United States District Court, M.D. Louisiana
FIREFIGHTERS' RETIREMENT SYSTEM, ET AL.
CITCO GROUP LIMITED, ET AL.
ON: (1) MOTION TO COMPEL DEPOSITION RESPONSES FROM THE
30(B)(6) REPRESENTATIVE OF CITCO FUND SERVICES (CAYMAN
ISLANDS) LIMITED, WIEKERT WEBER; AND (2) MOTION TO COMPEL
DEPOSITION RESPONSES FROM THE 30(B)(6) REPRESENTATIVE OF THE
CITCO GROUP LIMITED
WILDER-DOOMES, UNITED STATES MAGISTRATE JUDGE
the court are two motions seeking to compel additional
deposition testimony from certain of defendants'
corporate representatives: (1) Motion to Compel Deposition
Responses from the 30(b)(6) Representative of Citco Fund
Services (Cayman Islands), Limited, Wiekert Weber (the
“Motion to Compel CFS Deposition”); and (2) Motion to
Compel Deposition Responses from the 30(b)(6) Representative
of the Citco Group Limited (the “Motion to Compel Citco
Group Deposition”). Both Motions were filed by plaintiffs,
Firefighters' Retirement System (“FRS”),
Municipal Employees' Retirement System of Louisiana
(“MERS”), and New Orleans Firefighters'
Pension & Relief Fund (“NOFF”) (collectively,
“Plaintiffs”). Defendants, Citco Technology
Management, Inc. (“CTM”), Citco Banking
Corporation N.V. (“Citco Banking”), Citco Fund
Services (Cayman Islands) Limited (“CFS Cayman”),
and The Citco Group Limited (“Citco Group”)
(collectively, the “Citco Defendants”) have filed
an Opposition to each Motion.
reasons set forth herein, both Motions are
March 1, 2013, Plaintiffs filed this suit against 23
defendants, including the Citco Defendants, asserting claims
under the Louisiana Securities Act and Louisiana Unfair Trade
Practices Act, as well as third party beneficiary, unjust
enrichment, breach of contract, negligent misrepresentation,
and general tort claims. Plaintiffs' claims arise from a
$100 million investment loss. In April of 2008, the Louisiana
Funds purchased 100, 000 Series N Shares offered and issued
by FIA Leveraged Fund (“Leveraged”) for $100
million. After a series of investment transactions
initiated by Leveraged, in March of 2011, Plaintiffs sought
to redeem their Series N shares.Ultimately, the shares went
unredeemed and Plaintiffs determined that the investment was
illiquid and, thus, the N shares, for which there was no
market, were valueless.
to the instant Motions, Plaintiffs assert that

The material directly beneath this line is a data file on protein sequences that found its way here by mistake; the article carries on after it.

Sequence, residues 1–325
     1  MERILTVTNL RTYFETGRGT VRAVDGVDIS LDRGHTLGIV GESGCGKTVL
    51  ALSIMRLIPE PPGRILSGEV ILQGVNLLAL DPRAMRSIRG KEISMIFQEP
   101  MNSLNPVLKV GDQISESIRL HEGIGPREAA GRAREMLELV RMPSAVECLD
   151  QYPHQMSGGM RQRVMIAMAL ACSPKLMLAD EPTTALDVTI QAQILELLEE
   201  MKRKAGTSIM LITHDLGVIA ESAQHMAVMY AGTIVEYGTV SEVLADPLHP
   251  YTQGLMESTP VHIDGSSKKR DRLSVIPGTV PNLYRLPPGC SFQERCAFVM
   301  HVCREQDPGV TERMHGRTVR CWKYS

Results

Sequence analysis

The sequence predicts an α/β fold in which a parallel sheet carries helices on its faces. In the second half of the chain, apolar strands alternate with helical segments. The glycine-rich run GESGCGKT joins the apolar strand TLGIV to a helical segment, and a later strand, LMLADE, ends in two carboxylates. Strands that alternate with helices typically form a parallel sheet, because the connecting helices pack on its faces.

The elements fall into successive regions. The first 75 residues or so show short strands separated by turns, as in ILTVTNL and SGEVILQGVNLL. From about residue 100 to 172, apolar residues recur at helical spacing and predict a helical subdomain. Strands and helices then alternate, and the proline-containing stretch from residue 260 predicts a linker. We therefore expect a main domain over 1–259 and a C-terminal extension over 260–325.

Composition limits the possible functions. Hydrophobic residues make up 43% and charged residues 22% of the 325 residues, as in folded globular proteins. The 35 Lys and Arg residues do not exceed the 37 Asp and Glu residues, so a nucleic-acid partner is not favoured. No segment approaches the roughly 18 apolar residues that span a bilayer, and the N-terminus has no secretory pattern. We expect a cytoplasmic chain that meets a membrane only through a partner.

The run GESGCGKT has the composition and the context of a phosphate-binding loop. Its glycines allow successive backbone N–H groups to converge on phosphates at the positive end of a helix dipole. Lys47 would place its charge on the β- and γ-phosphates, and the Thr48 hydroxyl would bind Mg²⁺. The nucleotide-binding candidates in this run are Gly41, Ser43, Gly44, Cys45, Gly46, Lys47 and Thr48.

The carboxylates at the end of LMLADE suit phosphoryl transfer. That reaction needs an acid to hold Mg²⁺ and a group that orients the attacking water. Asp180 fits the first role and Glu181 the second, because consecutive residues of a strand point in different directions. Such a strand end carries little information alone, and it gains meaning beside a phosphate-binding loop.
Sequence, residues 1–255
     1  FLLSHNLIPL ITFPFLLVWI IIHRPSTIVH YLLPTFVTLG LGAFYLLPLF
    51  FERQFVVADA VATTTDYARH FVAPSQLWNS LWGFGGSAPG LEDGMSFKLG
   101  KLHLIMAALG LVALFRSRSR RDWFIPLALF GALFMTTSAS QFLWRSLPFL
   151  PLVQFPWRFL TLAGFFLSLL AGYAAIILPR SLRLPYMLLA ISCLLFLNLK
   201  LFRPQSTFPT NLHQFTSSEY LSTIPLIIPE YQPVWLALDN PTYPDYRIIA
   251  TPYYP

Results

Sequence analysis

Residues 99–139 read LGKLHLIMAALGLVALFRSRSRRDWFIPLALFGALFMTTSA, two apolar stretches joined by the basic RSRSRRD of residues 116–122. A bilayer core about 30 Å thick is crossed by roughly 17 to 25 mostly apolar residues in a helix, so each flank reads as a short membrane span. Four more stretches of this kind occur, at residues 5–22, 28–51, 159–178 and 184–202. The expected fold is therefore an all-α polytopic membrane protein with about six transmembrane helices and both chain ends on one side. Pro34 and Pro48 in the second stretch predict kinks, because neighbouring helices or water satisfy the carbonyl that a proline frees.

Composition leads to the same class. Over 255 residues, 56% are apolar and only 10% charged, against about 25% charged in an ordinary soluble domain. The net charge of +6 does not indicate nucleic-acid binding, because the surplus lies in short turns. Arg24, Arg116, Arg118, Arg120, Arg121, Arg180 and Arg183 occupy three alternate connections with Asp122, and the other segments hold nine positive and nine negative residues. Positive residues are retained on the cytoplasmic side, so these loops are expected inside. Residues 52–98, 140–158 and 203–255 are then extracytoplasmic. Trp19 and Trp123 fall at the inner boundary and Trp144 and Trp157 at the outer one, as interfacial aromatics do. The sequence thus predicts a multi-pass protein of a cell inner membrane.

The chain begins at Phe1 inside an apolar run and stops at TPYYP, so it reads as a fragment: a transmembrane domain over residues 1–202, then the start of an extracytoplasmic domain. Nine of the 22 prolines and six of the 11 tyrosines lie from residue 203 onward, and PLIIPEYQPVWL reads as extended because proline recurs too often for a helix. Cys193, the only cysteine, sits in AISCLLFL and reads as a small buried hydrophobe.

“affiliates of CFS Cayman, all ultimately owned by
Citco Group, received $50 million of the Offering Proceeds
from the Series N Offering of Leveraged at the time CFS
Cayman was serving as the administrator of the Leveraged
Fund….” Plaintiffs argue that they are entitled to
obtain deposition testimony from representatives of CFS
Cayman and Citco Group “to determine whether the Citco
Group, Administrator, and the entities owned by the Citco
Group (Citco Trading, Citco Trust, CFS Cayman, Citco Funds)
breached its own internal policies in accepting these
payments without disclosure to the Louisiana
Law and Analysis
to Fed.R.Civ.P. 37(a)(3)(B)(i), a party seeking discovery may
move to compel an answer where “a deponent fails to
answer a question asked under Rule 30….” For
purposes of this rule, “an evasive or incomplete
disclosure, answer, or response must be treated as a failure
to disclose, answer, or respond.”
Plaintiffs' Motion to Compel CFS Deposition is
complain that Wiekert Weber (“Weber”), who was
deposed individually and as the 30(b)(6) corporate
representative of CFS Cayman, “failed to respond to
questions asked about Citco's conflict of interest policy
and whether it was in accordance with the policy for Citco
affiliates to receive compensation from the proceeds of a
fund's offering where CFS Cayman also serves as the
independent administrator and not disclose the amount of
funds Citco received to the purchaser of the
securities.” Plaintiffs contend that Weber was
“evasive and non-responsive” when asked questions
regarding conflicts of interest and that they are
“entitled to receive a direct response from the
30(b)(6) corporate representative of CFS Cayman as to whether
a conflict of interest existed….” Plaintiffs
ask that the court require Weber to sit for an additional
hour-long deposition at defendants' cost.
specifically complain that despite Mr. Weber's position
as Compliance and Operations Manager of the Administrator, he
refused “to respond to questions asked about the
Administrator's conflict of interest policy and whether
it violated the Administrator's policy for Citco
affiliates to receive compensation from the
proceeds….” In opposition to the Motion, the
Citco Defendants contend that while Plaintiffs'
deposition notice set forth topics related to CFS
Cayman's conflict of interest policies,
Plaintiffs' counsel never asked any questions regarding
the policies themselves and instead asked confusing questions
without laying the necessary foundation regarding
hypothetical situations. The Citco Defendants further contend
that despite the confusing questions, Weber “actually
answered the very questions concerning conflict of interest
Plaintiffs now falsely claim he ‘refused' to answer
or to which he supposedly provided nonresponsive
undersigned has reviewed the portions of Mr. Weber's